Murphy-McMahon race could shift Senate’s balance of power
Washington — The stakes in the race between Rep. Chris Murphy, D-5th District, and Republican rival Linda McMahon are soaring as it becomes clearer the contest could tip the balance of power in the U.S. Senate.
“It could go either way,” said Thomas Mann, senior fellow at the Brookings Institution in Washington.
Mann also said Democrats can’t afford to lose a Senate seat in a state like Connecticut that leans Democratic.
“If you are in a fight like this, you don’t give up one of your natural seats,” he said.
Not too long ago, the Connecticut race was a sleeper, overshadowed by a much higher-profile contest in Massachusetts between Democrat Elizabeth Warren and Republican Sen. Scott Brown.
But the tightening of the Murphy-McMahon race has propelled it into the national spotlight in a year where few are willing to predict whether Democrats can keep control of the Senate.
Recent polls show Murphy running even with McMahon, even as other Democratic Senate candidates in toss-up races gained strength this week, giving their party hope.
“Democrats have had a couple of lucky breaks,” said Jessica Taylor, senior analyst at the Rothenberg Political Report.
Those breaks include devastating gaffes by Todd Akin, a Republican Senate candidate in Missouri who said victims of “legitimate rape” can’t conceive; and by Mitt Romney, the GOP’s standard bearer, who told donors, as revealed in a video taken in May, that he did not care about the 47 percent of Americans who don’t pay income tax.
But the electoral map is still volatile, and Connecticut’s Senate race, once thought almost a sure bet for a Democratic candidate, has added to that volatility, Taylor said.
Democrats have to defend 22 seats in the Senate besides the one of retiring Connecticut Sen. Joseph Lieberman. Republicans have just 10 seats up for re-election.
Democrats now hold 51 seats in the Senate, Republicans hold 47, and there are two independent senators, including Lieberman, who caucuses with the Democrats.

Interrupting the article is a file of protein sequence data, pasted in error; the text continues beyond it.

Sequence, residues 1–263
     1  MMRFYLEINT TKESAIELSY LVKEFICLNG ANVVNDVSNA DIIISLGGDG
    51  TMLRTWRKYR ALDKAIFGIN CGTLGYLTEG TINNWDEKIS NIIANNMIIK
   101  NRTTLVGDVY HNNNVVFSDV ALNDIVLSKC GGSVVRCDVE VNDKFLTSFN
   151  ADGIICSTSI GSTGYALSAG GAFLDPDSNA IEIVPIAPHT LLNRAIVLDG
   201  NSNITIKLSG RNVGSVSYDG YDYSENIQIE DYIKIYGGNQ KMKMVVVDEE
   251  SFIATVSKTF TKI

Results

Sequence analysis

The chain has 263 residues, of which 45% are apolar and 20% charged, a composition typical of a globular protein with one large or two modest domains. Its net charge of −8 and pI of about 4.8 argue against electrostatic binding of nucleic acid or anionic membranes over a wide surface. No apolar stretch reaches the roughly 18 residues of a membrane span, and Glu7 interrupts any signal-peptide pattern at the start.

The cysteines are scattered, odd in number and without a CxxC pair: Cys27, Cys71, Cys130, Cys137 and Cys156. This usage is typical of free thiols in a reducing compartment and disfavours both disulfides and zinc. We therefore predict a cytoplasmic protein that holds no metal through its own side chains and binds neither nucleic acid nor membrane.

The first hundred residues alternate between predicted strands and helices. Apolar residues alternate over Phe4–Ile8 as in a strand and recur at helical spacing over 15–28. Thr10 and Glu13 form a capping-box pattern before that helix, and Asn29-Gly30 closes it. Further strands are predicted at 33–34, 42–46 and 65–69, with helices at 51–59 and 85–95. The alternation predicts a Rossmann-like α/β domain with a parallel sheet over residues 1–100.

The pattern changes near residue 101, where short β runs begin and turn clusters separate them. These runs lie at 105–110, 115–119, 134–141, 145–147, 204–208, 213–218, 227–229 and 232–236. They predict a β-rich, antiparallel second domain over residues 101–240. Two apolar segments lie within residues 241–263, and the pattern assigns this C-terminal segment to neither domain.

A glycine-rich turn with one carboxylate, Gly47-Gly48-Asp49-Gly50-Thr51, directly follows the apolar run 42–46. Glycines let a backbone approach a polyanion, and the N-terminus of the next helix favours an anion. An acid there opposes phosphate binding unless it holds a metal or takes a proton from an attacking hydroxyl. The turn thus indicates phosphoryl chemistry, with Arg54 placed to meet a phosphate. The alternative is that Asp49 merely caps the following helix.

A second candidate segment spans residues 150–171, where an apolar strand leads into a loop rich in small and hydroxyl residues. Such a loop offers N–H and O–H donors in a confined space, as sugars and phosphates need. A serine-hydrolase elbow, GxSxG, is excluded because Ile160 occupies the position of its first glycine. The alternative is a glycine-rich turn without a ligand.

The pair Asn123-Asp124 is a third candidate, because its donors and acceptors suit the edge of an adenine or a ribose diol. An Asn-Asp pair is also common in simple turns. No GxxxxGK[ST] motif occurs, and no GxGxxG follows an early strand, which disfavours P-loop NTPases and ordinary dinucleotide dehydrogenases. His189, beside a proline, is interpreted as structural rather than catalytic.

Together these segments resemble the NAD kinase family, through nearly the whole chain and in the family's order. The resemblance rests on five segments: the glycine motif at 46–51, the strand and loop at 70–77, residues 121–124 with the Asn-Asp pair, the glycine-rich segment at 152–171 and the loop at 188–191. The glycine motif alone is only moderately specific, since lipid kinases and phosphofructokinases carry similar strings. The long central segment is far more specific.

That means the Republicans can win back the Senate by taking just three seats from Democrats if Romney wins the White House and his vice president, Rep. Paul Ryan, R- Wis., is in position to cast a tie-breaking vote.
If President Obama wins re-election, the GOP would need to win four additional seats.
And that’s doable, Taylor said.
The Rothenberg Political Report has identified five Senate races as toss-ups: in Virginia, Massachusetts, North Dakota, Nevada and Montana.
While Rothenberg still has Connecticut’s race as “leaning Democratic,” Taylor said that rating could change.
“Democrats and many political observers have underestimated McMahon and her ability to run a different race than she did in 2010,” a Cook Political Report analysis said.
“It seems that Democrats have believed that they could simply run the same campaign that they ran two years ago and achieve the same result. But, while McMahon’s tenacity has surprised them, they are only now coming to the conclusion that their nominee, U.S. Rep. Chris Murphy, isn’t the same kind of candidate that then-Attorney General Richard Blumenthal was.”
The race is such that Blumenthal, who beat McMahon in 2010, declined to say who he thought would win the Murphy-McMahon race.
“I don’t make predictions,” Blumenthal said.
McMahon’s ability to pour millions of dollars of her own money into her campaign — allowing her to blanket the airwaves with ads and hire the best political strategists — has helped her keep Murphy at bay, Taylor said.
One political consultant McMahon hired is Chris LaCivita, who worked for Missouri Senate candidate Akin.
LaCivita is a strategist who heavily uses and strongly defends the use of “opposition research,” or digging up dirt on a political opponent. He was the chief strategist for the “Swiftboat Veterans For Truth,” who attacked Sen. John Kerry’s record in Vietnam when the Massachusetts Democrat ran for the White House.
“He’s very familiar with winning on unfamiliar turf,” Taylor said.
To try to combat McMahon’s firepower, the Democratic Senatorial Campaign Committee stepped into Murphy’s race last week. It has spent $640,000 on advertising and loaned staff to Murphy’s campaign.
The DSCC spent more than $2 million in 2010 to help Blumenthal.
Taylor said it’s likely the DSCC is helping Murphy with opposition research, polling and strategic advice.
Spokesman Matt Canter declined to discuss what kind of help the DSCC is offering Murphy.
“He’ll have all the resources he needs,” Canter said.
That outside help may be effective, said Mann. “It now looks like [the Murphy race] is coming around.”
One reason is the “decline of the Romney campaign,” which is dragging down many GOP candidates, Mann said.
He also said McMahon’s alignment with conservatives in her party, instead of running as a “typical Connecticut Republican moderate” may be hurting her as polls show voters are becoming turned off by political extremism.
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